In 68 years of independence, India has come a long way. Being a democratic setup, the governments did the best they could, given the complexity of the constitutional system.
Here I would like to quote a very interesting statement made by a Chinese agency to defend the ruling Communist Party when asked to compare the monopoly in China with its giant democratic neighbor. The response was, Had China followed a democratic path, “At best, China would have been another India, the world’s biggest democracy by Western Standards, where around 20 per cent of the World’s poorest live and whose democracy focuses on how power is divided.”
Though I am a supporter of democracy & do not completely agree with the above statement, but yes, my views are not very divergent from the ones mentioned in the statement above. After all, Indian governments have performed quite well, considering the ambit of complex & porous public policies. I know, these words are in stark contradiction to the usual bickering doing the rounds. Ironically, I choose to think differently for the topic at hand. I reiterate, the successive Indian governments have done well. But, here is the catch, sadly, that is not enough. India is a difficult country to govern and much more difficult is the law making process. By the time a law on food security is proposed, tabled, debated, negotiated, passed, executed, implemented, half the needy population for which it was meant either succumbs to hunger or gets into unlawful activities to feed their starving kids. It’s grim, but true picture of India. But hey, there is still hope. Since I am writing about it & you are still reading, it’s a worthy initiative to set things right.
Electricity has not been the priority since the very beginning. Why? Because we had much graver problems to deal with. Food, water, shelter, epidemics, children dying in early years. We seemed to have gotten hold of things to a large extent. And, now it’s time for the government to think beyond. Perhaps it is time to electrify the development process in rural India.
Having set the backdrop, I take up the issue at hand about government policies affecting rural electrification. No doubt, REC (Rural Electrification Corporation Ltd.) has been in existence since 25th July, 1969, under the aegis of Ministry of Power. And yes, it has been a long long road for it. It’s primary operation is to provide financial assistance to the power generation, conservation, transmission & distribution. Also, the Government of India has brought about special schemes from time to time. Like NEF (National Electricity Fund) & DDUGJY (Deen Dayal Upadhyay Gram Jyoti Yojna). They are present, but like a sweet mirage. Funding granted to these organizations is huge. Then why are our fellow citizens living in dark? Divining deep into the technicalities, I could zero in on 2 reasons – under-investment & lack of energy accounting. On the contrary, the special focus of the present government is on renewable energy. Paradox ? Not really !! Here is why…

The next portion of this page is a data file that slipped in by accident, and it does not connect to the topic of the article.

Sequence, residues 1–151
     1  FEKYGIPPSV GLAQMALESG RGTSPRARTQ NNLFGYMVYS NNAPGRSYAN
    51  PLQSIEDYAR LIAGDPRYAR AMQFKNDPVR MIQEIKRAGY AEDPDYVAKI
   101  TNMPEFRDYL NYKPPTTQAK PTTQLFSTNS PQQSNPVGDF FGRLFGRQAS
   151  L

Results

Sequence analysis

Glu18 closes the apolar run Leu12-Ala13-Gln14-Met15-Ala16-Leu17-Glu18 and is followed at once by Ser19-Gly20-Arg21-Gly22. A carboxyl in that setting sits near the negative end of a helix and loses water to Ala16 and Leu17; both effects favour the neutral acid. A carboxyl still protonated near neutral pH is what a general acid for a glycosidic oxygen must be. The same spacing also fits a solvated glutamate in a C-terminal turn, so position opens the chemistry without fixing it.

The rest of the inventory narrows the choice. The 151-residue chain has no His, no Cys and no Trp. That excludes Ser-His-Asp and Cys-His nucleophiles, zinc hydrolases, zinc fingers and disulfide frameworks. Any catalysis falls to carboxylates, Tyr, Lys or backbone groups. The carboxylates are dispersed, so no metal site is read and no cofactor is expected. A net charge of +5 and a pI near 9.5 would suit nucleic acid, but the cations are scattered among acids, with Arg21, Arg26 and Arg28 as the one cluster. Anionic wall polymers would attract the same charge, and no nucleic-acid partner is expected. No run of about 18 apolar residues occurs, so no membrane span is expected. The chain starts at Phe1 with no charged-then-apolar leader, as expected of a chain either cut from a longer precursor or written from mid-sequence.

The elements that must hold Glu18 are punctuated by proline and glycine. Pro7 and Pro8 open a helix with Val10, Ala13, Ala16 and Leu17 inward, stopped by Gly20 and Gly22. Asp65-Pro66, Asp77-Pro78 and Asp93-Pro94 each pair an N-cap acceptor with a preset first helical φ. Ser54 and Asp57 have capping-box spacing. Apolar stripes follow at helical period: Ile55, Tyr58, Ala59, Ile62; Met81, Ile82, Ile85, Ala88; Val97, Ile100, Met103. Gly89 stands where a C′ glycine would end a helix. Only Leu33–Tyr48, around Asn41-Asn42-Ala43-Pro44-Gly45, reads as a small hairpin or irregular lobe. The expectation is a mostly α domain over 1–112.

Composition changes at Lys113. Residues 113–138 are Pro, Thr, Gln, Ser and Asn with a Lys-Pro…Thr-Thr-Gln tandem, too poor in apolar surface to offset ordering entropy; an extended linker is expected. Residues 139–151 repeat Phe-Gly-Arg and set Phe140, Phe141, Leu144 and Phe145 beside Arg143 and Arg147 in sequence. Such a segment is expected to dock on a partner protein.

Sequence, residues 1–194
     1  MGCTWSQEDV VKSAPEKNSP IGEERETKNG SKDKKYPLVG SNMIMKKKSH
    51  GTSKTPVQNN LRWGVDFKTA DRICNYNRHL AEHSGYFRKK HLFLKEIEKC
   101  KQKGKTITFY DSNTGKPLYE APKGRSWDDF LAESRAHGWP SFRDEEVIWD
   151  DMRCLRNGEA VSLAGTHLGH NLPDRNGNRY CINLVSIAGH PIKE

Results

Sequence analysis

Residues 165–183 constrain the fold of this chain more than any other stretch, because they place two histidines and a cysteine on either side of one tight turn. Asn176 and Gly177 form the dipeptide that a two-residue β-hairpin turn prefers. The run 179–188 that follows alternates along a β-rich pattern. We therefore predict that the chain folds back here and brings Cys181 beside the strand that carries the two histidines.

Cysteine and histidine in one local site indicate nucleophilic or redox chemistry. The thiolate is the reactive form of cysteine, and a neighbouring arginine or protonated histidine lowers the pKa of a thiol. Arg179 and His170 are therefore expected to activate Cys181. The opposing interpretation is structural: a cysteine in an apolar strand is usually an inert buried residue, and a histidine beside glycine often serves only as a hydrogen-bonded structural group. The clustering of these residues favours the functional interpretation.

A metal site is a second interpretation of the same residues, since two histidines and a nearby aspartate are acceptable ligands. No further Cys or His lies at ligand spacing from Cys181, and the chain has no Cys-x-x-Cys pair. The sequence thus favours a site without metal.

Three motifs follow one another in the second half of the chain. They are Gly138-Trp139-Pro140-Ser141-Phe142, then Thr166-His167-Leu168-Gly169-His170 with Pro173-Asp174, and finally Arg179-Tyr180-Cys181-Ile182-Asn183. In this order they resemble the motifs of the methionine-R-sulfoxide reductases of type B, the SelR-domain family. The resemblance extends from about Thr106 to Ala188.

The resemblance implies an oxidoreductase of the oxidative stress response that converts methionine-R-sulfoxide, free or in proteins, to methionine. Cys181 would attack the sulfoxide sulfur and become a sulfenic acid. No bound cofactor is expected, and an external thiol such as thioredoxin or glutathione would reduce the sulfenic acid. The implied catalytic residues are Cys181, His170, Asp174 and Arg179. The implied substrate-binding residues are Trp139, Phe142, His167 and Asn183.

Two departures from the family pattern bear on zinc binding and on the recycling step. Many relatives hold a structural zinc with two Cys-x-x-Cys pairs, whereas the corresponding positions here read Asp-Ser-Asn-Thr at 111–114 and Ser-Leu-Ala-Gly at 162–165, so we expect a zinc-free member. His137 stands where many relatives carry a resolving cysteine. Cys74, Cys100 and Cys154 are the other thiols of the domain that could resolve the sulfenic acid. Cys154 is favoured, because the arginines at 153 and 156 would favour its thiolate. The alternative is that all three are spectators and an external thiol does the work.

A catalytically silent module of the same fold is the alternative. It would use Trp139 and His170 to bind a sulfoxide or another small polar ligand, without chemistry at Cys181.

India had an installed renewable energy base of about 20 GW, in 2011 which was around 11 per cent of the country’s total power capacity and accounts for 4 per cent of the electricity mix, further the country’s installed capacity in renewable energy had risen from about 3 percent of the total installed capacity in 2002 to over 11 per cent in 2011. India aims to take it to over 20 per cent in the next decade with a capacity of over 70 GW. This was before the present government came into power. Now, with the announcement of smart cities, the bar has been raised further upwards.
I guess, every dark spot may not be a dead end. It might be the corner just before a bright future.
Maybe I am too optimistic. Let me know. Your praise, criticism, comments are most welcome. Please comment below so that I can further improve upon my categorical articulation. And, if you liked what I wrote, don’t forget to like the post & share it. It is always encouraging to get your views & response.
An article by Vikas Mendiratta